Recently, a work has addressed the resilience of the powerlaw distribution produced by duplication models to shuffling phenomena interfering in the topology of the PPI network, and concluded that these phenomena did not significantly affect the powerlaw . However, the shuffling model used in the mentioned work did not present any trend for increasing the degree of shuffled vertices, in disagreement with what we found evaluating real biological data in the present work. We think a natural next step in future investigations will be to define the relative contributions of duplication, exon shuffling and other shuffling events for the evolution of PPI networks in the several kingdoms of life, as well as to develop new graph growth models that better help us to understand the effects of these two evolutionary forces upon PPI network topology.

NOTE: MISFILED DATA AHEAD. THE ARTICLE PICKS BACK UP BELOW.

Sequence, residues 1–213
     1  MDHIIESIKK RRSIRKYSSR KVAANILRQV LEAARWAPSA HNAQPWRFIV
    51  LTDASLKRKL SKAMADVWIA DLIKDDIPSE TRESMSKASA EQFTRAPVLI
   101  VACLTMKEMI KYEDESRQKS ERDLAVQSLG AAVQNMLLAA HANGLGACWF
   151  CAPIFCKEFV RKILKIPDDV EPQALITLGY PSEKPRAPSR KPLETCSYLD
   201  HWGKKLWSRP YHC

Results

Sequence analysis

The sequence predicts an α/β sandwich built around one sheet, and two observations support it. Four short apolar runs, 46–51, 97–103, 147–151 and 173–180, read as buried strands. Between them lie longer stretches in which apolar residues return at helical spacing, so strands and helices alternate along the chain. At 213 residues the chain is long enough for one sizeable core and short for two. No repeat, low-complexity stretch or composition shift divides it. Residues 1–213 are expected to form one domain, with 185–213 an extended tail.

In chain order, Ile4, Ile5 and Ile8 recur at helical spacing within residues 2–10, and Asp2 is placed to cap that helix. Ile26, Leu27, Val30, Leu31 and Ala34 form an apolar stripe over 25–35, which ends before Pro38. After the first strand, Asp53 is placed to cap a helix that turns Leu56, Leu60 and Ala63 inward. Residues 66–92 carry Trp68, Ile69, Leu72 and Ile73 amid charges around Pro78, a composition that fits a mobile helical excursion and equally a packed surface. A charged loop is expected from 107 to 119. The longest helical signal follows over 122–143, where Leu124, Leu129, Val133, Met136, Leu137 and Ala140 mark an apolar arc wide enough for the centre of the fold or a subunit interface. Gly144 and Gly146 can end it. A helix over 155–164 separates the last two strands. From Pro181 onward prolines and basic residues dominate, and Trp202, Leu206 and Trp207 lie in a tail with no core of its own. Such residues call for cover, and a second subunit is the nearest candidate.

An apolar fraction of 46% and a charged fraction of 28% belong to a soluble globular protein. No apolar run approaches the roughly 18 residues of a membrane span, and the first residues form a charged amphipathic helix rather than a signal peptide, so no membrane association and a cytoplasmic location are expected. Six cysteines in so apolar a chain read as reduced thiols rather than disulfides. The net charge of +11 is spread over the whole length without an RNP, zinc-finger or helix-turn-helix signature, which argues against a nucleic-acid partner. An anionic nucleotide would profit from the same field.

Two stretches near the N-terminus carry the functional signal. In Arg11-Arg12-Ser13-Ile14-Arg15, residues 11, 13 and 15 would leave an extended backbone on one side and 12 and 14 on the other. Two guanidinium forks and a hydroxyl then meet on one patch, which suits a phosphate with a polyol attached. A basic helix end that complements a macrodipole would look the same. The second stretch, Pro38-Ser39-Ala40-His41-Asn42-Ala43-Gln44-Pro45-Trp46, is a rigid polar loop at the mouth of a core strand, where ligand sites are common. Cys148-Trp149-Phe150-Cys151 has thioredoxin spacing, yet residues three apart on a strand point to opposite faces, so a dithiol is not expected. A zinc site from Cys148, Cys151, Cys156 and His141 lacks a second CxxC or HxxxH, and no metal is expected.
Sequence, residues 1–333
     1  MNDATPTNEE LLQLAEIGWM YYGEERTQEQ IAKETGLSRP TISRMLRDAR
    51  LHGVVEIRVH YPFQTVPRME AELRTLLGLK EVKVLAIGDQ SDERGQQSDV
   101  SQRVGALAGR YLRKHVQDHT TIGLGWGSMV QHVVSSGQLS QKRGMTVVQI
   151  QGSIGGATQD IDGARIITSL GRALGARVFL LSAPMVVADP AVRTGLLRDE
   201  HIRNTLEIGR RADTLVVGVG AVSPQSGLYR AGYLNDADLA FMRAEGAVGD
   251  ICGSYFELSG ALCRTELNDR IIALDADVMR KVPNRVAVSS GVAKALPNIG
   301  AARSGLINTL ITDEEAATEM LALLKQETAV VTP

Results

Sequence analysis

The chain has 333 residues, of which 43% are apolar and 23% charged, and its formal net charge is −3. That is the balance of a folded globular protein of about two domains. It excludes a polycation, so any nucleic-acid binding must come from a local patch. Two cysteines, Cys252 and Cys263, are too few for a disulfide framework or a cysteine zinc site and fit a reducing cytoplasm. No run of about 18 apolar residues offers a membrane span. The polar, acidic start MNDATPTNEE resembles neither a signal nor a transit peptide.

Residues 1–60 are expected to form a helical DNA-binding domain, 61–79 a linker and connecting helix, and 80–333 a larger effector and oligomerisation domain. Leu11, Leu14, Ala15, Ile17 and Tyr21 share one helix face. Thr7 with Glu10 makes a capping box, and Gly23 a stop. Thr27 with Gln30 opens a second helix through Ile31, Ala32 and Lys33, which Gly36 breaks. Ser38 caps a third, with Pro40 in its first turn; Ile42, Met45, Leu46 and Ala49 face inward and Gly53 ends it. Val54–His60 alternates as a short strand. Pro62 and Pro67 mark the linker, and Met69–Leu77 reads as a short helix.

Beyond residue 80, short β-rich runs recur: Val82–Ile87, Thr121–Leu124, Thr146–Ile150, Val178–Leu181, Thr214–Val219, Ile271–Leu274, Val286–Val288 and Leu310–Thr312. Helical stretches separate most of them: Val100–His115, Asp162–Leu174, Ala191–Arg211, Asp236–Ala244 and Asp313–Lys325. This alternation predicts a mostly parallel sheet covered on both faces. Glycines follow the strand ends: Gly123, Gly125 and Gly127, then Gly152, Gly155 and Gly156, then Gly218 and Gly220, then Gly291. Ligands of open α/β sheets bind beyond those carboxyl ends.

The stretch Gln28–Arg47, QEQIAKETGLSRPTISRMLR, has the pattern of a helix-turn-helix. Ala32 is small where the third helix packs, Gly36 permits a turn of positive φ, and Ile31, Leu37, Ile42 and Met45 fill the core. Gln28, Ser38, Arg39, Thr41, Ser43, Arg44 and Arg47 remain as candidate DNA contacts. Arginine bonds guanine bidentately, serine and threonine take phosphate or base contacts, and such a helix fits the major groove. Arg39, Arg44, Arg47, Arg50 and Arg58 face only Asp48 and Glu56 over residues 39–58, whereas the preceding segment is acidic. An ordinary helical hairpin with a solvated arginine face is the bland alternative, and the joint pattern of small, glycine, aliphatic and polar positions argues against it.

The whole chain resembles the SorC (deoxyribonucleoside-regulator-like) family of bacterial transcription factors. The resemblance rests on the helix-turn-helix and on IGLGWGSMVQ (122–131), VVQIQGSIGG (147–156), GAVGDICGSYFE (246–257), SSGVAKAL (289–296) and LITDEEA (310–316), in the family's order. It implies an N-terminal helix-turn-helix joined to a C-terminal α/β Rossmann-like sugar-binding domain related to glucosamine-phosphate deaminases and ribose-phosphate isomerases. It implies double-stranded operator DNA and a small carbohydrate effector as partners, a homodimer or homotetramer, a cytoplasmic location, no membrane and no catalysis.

Sources of public data for protein-coding genes
We used information concerning aminoacid sequences and intron positions from Ensembl version 48, for Homo sapiens, Mus musculus, Drosophila melanogaster, and Caenorhabditis elegans, from JGI site, for Nematostella vectensis (filtered gene models; genome version 1.0) and Monosiga brevicollis (filtered gene models; genome version 1.0), and from NCBI site, for Cryptococcus neoformans (var. neoformans JEC21; August 2008 version) and for Arabidopsis thaliana (December 2007 version). Protein domain occurrences were identified using Pfam A (release 22), and an e-value smaller than 1e-2 was required for an occurrence to be accepted.